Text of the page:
AfriForum, South Africa Today, May 5, 2020
AfriForum and Solidarity’s legal teams on 5 May 2020, issued court documents wherein they approach the Constitutional Court directly on an urgent basis to appeal against the High Court’s judgment that gave the Department of Tourism the green light to use race as criterion when determining which struggling tourism businesses must be helped during the Covid-19 crisis.
Dr Dirk Hermann, Chief Executive of Solidarity, pointed out that awarding help based on race is bizarre. “It is scary that there could be Constitutional grounds in a crisis like this which allows the allocation of emergency funds to take place based on race,” Herman added.
According to Kallie Kriel, CEO of AfriForum, they decided to approach the Constitutional Court directly, as the small tourism businesses owned by members of minority groups, just like all other small tourism businesses, are in urgent need of assistance. “If the case drags on, countless small white-owned businesses will go under and government will be complicit. Figuratively, it is economic murder of minorities,” said Kriel.
According to Hermann, it is extremely important to obtain legal certainty on the matter. “As this is an urgent crisis, we believe that the matter is urgent as well and therefore we asked for access to the Constitutional Court for this matter,” Hermann argued.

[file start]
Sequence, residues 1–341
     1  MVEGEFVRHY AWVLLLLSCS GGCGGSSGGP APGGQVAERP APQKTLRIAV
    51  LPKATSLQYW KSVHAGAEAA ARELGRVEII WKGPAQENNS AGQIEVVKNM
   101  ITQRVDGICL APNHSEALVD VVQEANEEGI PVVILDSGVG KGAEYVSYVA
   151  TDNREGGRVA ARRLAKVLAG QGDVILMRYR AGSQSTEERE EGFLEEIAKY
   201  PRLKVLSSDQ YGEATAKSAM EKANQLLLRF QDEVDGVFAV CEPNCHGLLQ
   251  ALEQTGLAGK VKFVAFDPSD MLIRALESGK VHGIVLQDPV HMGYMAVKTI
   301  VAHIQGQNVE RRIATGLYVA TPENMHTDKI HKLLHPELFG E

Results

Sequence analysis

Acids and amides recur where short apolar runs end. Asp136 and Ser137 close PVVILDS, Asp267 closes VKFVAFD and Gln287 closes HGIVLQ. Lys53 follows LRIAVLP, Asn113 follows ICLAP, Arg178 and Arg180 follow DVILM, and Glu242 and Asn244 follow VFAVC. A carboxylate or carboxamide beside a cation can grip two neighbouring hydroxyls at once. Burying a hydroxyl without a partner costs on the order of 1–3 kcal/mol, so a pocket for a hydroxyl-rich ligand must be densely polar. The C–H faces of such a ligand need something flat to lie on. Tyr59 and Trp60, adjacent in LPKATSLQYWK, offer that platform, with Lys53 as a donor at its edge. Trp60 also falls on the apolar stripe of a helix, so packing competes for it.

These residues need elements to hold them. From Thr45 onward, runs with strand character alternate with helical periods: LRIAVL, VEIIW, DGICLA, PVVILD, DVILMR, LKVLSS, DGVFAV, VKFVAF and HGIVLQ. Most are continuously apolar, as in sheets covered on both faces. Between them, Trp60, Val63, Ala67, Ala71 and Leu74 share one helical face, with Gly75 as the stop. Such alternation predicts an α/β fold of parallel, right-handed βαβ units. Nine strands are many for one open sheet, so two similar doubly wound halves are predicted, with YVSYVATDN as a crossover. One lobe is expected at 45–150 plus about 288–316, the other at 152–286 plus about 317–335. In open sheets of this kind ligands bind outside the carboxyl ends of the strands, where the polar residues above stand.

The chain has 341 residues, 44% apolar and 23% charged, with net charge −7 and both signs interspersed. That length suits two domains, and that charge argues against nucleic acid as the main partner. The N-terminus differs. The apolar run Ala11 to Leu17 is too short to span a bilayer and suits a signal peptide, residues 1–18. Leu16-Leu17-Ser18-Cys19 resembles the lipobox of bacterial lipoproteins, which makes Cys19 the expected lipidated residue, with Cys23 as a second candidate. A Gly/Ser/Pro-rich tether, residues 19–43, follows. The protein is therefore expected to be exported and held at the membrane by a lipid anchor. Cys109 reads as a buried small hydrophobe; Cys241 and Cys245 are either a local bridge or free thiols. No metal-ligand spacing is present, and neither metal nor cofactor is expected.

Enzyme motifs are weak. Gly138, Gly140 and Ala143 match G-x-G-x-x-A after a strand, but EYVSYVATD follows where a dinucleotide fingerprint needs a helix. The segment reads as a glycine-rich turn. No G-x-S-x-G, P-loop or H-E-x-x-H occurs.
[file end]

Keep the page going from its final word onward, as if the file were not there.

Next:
Kriel also pointed out that it is important for members of minority groups to obtain clarity from the Constitutional Court on whether it is really the case that the current constitutional dispensation in such a way undermines minorities rights, that even during times of crisis, whites may be discriminated against.
Solidarity’s initial complaint was submitted to the Human Rights Commission (HRC) on 25 March, when it emerged that the Department of Tourism was insisting on using Black Economic Empowerment (BEE) requirements with the allocation of help funds. On 30 March an urgent application was served to the Department and the matter was heard on 28 April in the North Gauteng High Court along with a similar case from AfriForum.
Both AfriForum and Solidarity indicated that they are ready to approach the United Nations’ (UN) Committee on the Elimination of Racial Discrimination but that they will first try and settle the case locally by appealing to the Constitutional Court. “Should our efforts not be fruitful locally, Solidarity and AfriForum will have no other choice but to pursue the matter internationally,” said Hermann.